Like this time last year, I had a quiet year when the Financial Times released their annual MBA rankings. This year we climbed three places to 13th, our highest ranking since 2008.
We organised a lunch-time session where I went through the rankings methodology. It was telling that staff outnumbered students almost 2 to 1 at this session, which showed that students aren’t too bothered when your school does well.
While it was heartening to see the school do well in the rankings, I was particularly happy that students and alums did not go overboard in terms of celebrating the ranking. As I have consistently said, the rankings are volatile and many years, myself and my counterparts would be at a loss as to explain why our school went up or down in the rankings.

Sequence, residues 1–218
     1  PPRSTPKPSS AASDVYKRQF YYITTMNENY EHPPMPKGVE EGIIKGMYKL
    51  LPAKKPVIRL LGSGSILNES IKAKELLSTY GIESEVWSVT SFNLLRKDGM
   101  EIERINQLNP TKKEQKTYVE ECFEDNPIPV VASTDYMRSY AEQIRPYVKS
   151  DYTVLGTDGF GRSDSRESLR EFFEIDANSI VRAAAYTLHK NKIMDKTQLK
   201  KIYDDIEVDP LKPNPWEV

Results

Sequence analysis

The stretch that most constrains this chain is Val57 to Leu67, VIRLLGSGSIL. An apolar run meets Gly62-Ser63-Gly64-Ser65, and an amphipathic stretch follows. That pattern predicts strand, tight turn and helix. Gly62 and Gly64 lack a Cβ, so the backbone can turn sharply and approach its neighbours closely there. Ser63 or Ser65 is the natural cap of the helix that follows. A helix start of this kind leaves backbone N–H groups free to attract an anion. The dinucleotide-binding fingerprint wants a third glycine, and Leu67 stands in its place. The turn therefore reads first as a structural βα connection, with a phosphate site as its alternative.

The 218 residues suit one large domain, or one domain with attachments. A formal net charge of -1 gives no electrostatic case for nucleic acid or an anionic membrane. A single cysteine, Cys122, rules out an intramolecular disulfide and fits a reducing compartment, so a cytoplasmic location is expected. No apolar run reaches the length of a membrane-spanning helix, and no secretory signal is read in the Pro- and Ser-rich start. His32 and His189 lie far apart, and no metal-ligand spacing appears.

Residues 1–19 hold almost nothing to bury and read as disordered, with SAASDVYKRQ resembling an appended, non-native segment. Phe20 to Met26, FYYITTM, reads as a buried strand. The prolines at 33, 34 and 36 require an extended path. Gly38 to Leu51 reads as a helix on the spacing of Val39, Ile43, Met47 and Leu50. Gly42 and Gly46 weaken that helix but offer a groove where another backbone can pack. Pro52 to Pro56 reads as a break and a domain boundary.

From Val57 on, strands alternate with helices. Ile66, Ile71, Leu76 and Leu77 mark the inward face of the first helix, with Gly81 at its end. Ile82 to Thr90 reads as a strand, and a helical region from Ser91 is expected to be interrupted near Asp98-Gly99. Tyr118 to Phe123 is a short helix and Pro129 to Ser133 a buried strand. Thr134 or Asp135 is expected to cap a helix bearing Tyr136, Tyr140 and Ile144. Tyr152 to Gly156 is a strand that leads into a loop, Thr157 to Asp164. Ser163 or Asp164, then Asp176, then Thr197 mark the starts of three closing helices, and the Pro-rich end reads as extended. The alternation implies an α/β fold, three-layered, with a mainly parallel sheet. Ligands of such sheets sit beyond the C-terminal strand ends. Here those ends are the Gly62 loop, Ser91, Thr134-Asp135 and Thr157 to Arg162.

Most importantly, we have to recognise that rankings do measure factors that might not be directly relevant to MBAs. And that we do not want to be led by rankings to the point where we lose our soul.
In the meantime, I am going to enjoy the quiet for now.